We tend to think of attention as being a kind of optional add-on to perception: like butter on toast. So we may believe that we can see things in the world ‘without attention’ and that the role of attention is to highlight things of particular interest in the picture of the world we have in our heads, not to put them there in the first place.
But this is wrong. Attention does not arrive after the business of perception has been completed, and indeed there is no such thing as perception without attention. If perception were separate from attention, then our attention would need its own way of seeing our perception in order to know where to land upon it- to know on what to focus. But to this secondary level of perception we’d need to add another, in order that attention’s attention could be led to the right point to focus upon- and then another level of perception and then another- and so on ad infinitum. If attention isn’t on the inside of perception to begin with, then there’s no hope that it can get there by association or guess-work.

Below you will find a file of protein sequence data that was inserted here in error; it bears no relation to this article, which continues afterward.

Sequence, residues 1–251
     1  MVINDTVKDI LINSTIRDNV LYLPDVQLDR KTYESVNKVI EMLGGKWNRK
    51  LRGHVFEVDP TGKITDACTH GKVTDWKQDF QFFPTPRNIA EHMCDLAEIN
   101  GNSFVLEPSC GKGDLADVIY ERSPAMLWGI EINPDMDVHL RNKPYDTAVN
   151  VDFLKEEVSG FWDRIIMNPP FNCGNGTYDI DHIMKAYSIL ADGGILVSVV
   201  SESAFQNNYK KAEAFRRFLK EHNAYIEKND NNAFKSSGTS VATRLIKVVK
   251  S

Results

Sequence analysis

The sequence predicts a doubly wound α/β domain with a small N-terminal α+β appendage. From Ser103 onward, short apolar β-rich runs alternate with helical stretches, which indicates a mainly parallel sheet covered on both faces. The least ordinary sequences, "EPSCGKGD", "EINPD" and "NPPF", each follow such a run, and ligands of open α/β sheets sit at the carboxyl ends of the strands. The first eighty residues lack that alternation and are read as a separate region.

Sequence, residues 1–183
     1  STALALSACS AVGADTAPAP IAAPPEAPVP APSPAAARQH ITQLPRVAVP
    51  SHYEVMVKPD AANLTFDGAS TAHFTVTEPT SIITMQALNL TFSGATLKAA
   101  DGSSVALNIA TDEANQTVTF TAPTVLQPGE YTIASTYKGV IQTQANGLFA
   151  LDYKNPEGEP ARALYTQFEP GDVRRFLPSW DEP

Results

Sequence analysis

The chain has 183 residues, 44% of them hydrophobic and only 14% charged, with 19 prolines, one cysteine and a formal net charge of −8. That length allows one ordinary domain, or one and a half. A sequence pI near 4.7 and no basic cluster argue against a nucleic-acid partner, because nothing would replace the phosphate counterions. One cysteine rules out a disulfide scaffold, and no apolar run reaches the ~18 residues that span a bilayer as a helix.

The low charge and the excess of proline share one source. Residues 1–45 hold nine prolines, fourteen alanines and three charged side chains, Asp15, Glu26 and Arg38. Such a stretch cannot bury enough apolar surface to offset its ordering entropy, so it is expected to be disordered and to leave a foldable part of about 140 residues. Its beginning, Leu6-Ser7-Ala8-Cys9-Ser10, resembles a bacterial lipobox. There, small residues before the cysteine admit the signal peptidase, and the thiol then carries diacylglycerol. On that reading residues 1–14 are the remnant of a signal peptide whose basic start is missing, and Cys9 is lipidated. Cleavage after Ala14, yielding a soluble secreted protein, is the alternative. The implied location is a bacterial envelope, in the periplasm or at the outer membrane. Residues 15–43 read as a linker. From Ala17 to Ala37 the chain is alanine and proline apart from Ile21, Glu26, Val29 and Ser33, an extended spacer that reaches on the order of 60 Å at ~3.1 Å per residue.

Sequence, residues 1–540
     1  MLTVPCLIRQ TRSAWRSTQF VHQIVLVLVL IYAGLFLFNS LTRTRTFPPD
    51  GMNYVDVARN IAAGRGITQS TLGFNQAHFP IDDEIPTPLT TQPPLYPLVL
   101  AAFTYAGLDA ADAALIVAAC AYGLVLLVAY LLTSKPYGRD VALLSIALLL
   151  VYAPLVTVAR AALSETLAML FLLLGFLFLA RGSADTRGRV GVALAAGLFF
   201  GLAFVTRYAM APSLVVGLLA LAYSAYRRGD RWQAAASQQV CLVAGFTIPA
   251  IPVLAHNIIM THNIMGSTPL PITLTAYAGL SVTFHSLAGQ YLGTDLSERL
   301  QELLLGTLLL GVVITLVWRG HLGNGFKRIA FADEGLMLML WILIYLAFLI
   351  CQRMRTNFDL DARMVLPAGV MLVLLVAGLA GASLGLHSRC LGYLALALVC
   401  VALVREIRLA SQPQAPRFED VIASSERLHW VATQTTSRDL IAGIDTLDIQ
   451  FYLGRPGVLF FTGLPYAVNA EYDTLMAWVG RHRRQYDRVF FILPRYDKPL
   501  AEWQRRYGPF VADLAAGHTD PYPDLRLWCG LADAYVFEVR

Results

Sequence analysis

What this means is that perception must be always already attentional- that attention, defined as the capacity to selectively concentrate on one or other aspect of a (perceptual) scene, isn’t really a distinctive capacity at all, but just part of perception’s essential nature, its definition. Controlling one’s attention isn’t poking a search-light over what you’ve already seen, it is seeing differently. Attention doesn’t highlight, it warps. What we see isn’t added to by attention, it is changed by it.
So what of it?
Well, all of this recommends that we do not see our perceptual experience as some kind of objective read-out of the information that impinges upon our senses. What you end up perceiving is only constrained, and not dictated, by what’s in the world.
In other words- perception is creative, there is no clean divide between what we see and what we remember and what we imagine. There is choice in perception, just as there is choice in imagination.
What this means is that we don’t just control how we remember, we control what we remember as well.